Municipalities in arid regions are acutely aware of the need to conserve their community’s drinking water supplies. One very effective way they are accomplishing this is by treating and reusing wastewater. Recycled wastewater provides a cost-effective, local and sustainable water supply for multiple non-potable uses. Communities can save their drinking water supplies for just that – drinking.
Wastewater treatment for non-potable reuse involves a series of well-established biological and physical process steps including filtration and disinfection to ensure the water is clean and safe for distribution. The recycled water can be used or sold for a variety of purposes including recreational and agricultural irrigation, industrial processes, construction, street sweeping and more.
Disinfection is the critical last step in the reuse treatment process to destroy any harmful microorganisms in the water.
UV Protects Against Bacteria, Viruses and Protozoa
UV is an effective, safe, and environmentally-friendly way to disinfect wastewater to the stringent limits required for reuse. It provides broad-spectrum protection against a wide range of pathogens, including bacteria, viruses and chlorine-resistant protozoa such as Cryptosporidium and Giardia. UV disinfection is a physical process that rapidly disinfects microorganisms as they pass by ultraviolet lamps submerged in the water. Within only a few seconds of exposure, the DNA of the microorganisms is permanently altered and the bacteria can no longer reproduce or infect those coming in contact with the water.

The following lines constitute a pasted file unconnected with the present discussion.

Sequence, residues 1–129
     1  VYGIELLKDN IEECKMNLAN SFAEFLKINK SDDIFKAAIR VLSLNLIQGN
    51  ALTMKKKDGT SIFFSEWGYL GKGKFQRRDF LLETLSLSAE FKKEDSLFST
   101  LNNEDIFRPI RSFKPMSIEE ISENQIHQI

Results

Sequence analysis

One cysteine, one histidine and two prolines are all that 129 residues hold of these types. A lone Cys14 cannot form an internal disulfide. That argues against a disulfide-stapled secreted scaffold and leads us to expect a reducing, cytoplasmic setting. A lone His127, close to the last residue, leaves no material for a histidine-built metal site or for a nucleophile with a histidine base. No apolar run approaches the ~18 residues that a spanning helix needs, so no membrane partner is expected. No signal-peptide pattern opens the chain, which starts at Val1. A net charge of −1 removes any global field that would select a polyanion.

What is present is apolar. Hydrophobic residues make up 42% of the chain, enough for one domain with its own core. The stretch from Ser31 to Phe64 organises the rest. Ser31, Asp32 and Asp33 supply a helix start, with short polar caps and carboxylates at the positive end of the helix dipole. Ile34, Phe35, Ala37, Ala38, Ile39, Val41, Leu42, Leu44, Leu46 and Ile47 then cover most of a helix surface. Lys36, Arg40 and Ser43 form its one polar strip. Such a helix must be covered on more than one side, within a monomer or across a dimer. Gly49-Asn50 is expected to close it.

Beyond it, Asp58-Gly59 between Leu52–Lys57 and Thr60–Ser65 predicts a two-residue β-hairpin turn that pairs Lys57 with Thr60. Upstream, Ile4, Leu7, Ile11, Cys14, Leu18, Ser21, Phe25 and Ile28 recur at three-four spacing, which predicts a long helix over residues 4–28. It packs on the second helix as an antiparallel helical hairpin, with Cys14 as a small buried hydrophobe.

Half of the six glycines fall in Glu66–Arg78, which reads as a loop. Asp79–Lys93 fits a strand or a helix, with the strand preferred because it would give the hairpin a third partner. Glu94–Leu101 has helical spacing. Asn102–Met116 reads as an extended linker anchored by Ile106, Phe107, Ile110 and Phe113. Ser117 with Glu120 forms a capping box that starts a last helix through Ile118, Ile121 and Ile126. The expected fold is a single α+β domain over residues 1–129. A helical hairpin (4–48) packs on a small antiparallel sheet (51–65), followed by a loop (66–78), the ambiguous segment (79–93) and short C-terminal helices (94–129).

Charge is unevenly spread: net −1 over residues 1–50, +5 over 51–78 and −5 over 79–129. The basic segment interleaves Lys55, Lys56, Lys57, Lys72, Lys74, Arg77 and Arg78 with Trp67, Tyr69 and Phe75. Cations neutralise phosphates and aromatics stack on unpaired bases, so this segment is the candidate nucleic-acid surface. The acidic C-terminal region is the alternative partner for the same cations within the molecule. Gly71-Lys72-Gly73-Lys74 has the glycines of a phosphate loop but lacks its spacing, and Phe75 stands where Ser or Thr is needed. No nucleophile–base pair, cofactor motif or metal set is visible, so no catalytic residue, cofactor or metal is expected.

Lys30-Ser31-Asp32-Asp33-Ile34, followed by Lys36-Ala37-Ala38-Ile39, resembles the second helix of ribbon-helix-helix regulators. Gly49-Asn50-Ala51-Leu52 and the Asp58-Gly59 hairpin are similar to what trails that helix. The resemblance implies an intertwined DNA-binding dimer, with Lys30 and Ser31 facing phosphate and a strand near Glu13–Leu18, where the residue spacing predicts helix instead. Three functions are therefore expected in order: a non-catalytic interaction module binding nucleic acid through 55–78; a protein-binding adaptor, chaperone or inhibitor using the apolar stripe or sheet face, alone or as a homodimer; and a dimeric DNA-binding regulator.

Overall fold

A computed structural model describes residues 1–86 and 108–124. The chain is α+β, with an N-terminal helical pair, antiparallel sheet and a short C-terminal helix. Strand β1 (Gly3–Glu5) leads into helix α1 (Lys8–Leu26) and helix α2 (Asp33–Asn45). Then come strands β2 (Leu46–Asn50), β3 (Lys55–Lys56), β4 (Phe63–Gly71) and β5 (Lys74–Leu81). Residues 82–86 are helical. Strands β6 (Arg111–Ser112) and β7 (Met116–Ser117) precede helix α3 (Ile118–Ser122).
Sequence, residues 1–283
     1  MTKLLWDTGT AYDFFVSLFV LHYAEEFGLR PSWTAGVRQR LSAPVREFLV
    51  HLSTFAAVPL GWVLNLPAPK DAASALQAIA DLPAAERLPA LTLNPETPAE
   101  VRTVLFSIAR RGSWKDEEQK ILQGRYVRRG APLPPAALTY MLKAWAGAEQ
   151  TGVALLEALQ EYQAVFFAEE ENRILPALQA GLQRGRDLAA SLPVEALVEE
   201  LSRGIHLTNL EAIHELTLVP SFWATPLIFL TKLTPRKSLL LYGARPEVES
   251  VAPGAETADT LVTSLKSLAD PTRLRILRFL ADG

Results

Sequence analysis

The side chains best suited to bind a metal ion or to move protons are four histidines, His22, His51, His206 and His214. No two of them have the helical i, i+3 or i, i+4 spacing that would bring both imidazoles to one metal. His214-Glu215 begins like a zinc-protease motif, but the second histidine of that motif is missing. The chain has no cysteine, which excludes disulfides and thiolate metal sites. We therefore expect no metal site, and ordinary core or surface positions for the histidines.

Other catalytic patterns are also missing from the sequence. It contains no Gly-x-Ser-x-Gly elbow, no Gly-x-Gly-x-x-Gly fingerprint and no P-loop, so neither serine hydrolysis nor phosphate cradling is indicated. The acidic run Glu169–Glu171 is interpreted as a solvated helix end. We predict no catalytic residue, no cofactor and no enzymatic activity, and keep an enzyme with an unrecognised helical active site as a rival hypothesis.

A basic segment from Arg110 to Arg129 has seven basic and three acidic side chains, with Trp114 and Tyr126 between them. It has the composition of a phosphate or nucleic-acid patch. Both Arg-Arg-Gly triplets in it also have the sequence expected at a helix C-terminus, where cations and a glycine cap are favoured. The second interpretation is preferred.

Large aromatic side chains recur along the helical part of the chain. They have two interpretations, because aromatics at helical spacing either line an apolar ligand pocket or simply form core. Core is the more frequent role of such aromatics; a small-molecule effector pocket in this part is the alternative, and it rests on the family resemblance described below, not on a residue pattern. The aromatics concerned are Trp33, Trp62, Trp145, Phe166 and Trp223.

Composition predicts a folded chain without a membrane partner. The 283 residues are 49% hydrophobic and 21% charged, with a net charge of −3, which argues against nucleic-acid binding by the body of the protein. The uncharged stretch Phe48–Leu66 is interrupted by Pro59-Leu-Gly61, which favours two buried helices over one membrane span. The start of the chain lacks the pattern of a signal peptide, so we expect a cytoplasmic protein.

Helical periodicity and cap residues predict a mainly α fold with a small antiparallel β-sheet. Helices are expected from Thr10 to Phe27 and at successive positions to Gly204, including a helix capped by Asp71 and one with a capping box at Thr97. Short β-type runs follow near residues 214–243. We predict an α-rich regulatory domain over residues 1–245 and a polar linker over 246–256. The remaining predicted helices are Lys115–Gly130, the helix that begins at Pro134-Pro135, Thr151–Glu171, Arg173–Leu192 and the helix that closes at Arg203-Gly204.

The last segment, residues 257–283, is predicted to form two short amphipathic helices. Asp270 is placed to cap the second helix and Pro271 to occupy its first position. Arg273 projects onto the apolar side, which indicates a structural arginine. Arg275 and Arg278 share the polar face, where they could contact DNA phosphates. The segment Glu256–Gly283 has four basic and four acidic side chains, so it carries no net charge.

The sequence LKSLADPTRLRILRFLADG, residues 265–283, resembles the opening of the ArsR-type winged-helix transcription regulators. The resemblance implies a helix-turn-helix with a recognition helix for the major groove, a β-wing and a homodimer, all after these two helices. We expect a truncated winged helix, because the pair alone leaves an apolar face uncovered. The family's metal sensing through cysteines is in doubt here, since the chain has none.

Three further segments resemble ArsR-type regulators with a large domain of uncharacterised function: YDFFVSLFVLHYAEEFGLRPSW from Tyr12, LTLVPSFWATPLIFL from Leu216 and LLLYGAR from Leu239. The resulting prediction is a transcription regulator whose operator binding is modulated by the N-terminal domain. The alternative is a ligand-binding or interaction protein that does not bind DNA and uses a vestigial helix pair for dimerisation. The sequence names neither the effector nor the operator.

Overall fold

UV is ideal for Water Reuse
Chlorine, while an effective disinfectant, is a toxic, hazardous chemical that can be harmful in the event of a leak or spill. It also has the potential to create carcinogenic by-products which can be harmful to receiving waters and aquatic life. Balancing the high chlorine doses required for reuse water disinfection and the stringent low limit on chlorine residuals is a complex task. UV is a simpler and safer alternative. There is no transportation of chemicals and UV doesn’t create disinfection by-products.
The UV process adds nothing to the water but light, and therefore, has no impact on the chemical composition of the water. Finally, Cryptosporidium and Giardia are protozoa typically found in surface water sources that can reach drinking water supplies through run-off or inadequate treatment. They are resistant to chlorine, but can be easily inactivated with a low UV dose.